Thoughtfully Preparing Business Students and Faculty for Study Abroad: Strategies for Making the Connection

Thoughtfully Preparing Business Students and Faculty for Study Abroad: Strategies for Making the Connection

David Starr-Glass (University of New York in Prague, Czech Republic)
DOI: 10.4018/978-1-4666-9672-3.ch014


In the last twenty years study abroad program have grown in popularity. Study abroad experiences provide learning opportunities for participants, but these opportunities are only optimized if students are appropriately and thoughtfully prepared. Study abroad provides formal learning experiences, associated with coursework undertaken, and informal learning, related to new cultures and countries encountered. Students and the faculty who accompany them need to be sensitized to both of these opportunities. This chapter presents a context for study abroad experiences and suggests how they can provide students with a deeper appreciation of issues that are often overly abstracted in the college, particularly issues such as internationalization and globalization. It explores ways in which study abroad participants can be assisted to engage more fully with the experiences that they encounter abroad. In presenting learning and institutional strategies to help optimize study abroad, it is hoped that the chapter will be of value to business undergraduates, their faculty, and business educators.
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At the outset it is important to acknowledge something that might seem unnecessary, superfluous, or even a trite: study abroad experiences can be and usually are exceptional learning experiences that are potentially transformative and life-changing for those who participate in them. Such a claim raises a number of questions: What is a transformative experience? How can such experiences be recognized and encouraged? Do these transformative potentials apply only to long-term study abroad or are they also presented by short-term stays abroad? (Dirkx, Anger, Brender, Gwekwerere, & Smith, 2007; Savicki, 2008).

These are legitimate questions, but they are also complex and defy simplistic answers. Indeed, in attempting to answer them, some still remain skeptical about the nature of the transformative realities of study abroad experiences (SAEs) and about the usefulness of the transferable knowledge associated with studying abroad (Bishop, 2013; Haynes, 2011). Nevertheless, there is a voluminous literature – from educators, researchers, and most particularly from students themselves – that supports the claim that SAEs are truly effective ways of initiating changes in personal perspectives and subject matter understanding (American Institute for Foreign Study, 2013; Di Pietro, 2013; Gopal, 2011). For some, the studies and statistics are convincing. For others, including the present author, the most compelling evidence for the value of SAEs lies in the recounted experiences and narratives of students who have themselves participated in study abroad (Starr-Glass, 2014a).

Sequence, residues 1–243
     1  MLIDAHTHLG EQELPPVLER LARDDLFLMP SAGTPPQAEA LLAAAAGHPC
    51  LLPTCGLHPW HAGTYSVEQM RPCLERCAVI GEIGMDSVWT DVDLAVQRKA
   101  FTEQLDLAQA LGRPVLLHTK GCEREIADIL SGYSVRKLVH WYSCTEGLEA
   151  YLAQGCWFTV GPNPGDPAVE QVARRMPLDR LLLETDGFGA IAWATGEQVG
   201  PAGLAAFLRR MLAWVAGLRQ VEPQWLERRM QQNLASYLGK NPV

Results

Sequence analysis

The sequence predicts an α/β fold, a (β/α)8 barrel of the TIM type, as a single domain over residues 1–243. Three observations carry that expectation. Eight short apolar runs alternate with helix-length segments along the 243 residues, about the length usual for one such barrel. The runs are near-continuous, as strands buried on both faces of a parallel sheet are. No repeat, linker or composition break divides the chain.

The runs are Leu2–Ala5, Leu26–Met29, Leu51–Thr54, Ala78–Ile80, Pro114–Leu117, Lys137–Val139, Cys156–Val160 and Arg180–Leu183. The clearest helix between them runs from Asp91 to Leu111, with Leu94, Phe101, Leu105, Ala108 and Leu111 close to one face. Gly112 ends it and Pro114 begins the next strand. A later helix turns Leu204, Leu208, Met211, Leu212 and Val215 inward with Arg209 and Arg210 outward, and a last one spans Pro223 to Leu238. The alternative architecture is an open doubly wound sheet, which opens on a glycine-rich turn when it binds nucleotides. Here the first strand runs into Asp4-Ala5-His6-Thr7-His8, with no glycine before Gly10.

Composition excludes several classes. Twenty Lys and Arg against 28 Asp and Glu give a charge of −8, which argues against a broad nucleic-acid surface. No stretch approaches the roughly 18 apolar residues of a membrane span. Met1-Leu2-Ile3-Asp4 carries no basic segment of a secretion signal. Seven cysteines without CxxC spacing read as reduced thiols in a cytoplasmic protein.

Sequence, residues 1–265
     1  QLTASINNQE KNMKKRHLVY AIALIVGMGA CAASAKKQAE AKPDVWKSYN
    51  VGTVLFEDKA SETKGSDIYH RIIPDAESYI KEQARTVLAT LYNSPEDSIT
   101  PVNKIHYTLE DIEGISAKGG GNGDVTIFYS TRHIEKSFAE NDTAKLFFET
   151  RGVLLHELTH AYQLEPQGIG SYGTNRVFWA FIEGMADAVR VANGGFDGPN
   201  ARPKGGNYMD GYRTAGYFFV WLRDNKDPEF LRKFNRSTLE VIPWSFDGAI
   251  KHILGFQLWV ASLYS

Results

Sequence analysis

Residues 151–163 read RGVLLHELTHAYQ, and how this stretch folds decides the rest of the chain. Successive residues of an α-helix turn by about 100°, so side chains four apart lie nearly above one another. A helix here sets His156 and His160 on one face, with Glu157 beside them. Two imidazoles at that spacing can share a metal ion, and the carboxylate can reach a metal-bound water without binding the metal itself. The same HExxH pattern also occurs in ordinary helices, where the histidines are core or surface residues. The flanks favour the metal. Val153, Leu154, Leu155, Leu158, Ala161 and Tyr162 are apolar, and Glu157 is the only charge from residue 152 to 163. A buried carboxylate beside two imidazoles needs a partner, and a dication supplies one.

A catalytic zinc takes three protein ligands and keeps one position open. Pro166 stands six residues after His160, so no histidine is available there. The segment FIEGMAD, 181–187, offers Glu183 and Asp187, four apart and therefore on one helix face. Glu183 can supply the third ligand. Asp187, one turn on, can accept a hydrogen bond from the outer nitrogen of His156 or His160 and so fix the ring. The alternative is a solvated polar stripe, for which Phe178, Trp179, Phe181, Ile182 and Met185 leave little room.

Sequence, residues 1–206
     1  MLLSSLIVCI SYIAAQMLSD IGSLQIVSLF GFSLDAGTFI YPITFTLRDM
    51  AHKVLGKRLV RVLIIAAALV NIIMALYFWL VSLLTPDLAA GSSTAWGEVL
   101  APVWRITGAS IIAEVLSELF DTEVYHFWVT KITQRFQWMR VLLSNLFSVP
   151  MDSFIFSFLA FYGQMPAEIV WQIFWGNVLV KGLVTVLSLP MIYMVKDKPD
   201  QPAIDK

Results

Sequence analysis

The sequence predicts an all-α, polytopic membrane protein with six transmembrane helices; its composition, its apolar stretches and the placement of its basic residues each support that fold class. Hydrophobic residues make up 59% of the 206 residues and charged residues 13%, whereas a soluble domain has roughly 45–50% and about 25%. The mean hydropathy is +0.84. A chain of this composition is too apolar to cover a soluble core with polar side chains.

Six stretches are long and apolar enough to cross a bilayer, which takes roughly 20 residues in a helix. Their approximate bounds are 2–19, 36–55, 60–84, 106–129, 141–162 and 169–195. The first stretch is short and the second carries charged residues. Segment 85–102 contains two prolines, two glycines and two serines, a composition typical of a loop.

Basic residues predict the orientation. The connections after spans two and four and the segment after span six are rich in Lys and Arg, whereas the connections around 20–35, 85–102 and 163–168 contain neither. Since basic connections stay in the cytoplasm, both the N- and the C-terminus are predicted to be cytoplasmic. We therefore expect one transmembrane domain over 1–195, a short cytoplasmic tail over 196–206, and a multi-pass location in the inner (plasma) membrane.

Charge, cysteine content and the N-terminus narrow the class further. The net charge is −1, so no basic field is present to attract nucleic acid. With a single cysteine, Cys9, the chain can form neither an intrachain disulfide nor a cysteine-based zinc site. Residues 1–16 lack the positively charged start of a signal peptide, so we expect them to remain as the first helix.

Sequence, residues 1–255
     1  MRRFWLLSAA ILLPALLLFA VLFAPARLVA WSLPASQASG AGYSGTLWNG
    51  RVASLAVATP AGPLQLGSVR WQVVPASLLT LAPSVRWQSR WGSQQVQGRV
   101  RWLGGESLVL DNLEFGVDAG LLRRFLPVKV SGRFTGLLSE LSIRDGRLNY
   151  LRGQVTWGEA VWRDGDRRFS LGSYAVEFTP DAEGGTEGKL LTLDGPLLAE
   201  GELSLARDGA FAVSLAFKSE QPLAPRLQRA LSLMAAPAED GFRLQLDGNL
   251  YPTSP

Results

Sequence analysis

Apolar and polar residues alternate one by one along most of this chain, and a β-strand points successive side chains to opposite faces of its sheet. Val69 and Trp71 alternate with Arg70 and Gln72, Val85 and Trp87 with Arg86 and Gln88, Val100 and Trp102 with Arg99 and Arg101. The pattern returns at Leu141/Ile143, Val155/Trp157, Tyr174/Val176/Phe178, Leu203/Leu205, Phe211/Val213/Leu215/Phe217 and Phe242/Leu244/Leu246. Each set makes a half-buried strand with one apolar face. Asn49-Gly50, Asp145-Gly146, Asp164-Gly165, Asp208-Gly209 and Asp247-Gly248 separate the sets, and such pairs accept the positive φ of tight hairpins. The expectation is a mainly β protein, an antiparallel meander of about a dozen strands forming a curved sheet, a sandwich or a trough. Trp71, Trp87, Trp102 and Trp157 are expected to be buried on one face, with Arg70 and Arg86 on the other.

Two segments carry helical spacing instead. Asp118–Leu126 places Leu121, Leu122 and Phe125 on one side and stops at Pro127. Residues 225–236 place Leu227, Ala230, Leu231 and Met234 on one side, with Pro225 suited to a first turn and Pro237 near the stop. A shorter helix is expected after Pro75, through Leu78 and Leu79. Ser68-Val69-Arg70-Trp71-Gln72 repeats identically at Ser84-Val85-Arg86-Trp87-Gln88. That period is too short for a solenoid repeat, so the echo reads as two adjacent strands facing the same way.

Short-term SAEs and long-term residency in foreign countries present different challenges and opportunities, but they also have a number of commonalities. Both provide learners with the opportunity to encounter and experience cultural difference. Both allow learners to make comparisons, challenge existing assumptions, and reflect on what has previously been learned. Educationally, longer stays abroad can be particularly valuable; however, longer stays abroad are also complicated by the seesaw dynamics of national culture adjustment – the immediate high of arrival fascination, the low of culture shock with feelings of introversion and isolation, and the subsequent high of cultural integration and acceptance (Spitzberg & Changnon, 2009). In short-term stays abroad – typically less than eight weeks – cultural adjustment can develop quickly, even if it might be relatively superficial, without the complicating factors associated with the long-term phases (Omachinski, 2013; Ritz, 2011).

Independent of the location or duration of the SAE, the very act of studying in a different cultural environment allows participants to approach academic disciplines from new perspectives. It allows them to integrate their different experiences into a more extensive and comprehensive whole. The act of involvement and immersion in new cultures also allows students to engage in patterns of informal learning that can be even more powerful than their academic ones (Hung, Lee, & Lim, 2012; Livingstone, 2000).

To provide a background framework for this chapter the first section considers the problems and paradoxes that business students and their instructors often encounter in the classroom, especially when dealing with constructs such as globalization and internationalism. These classroom explorations often fail to recognize the specificity of national difference and provide over-generalized prescriptions that breakdown in real-world global situations. The SAE provides the ideal way of breaking out of the confines of the classroom, of initiating new immersive explorations, and of making real connections between what has been learned in the academy and the real world in which students live.

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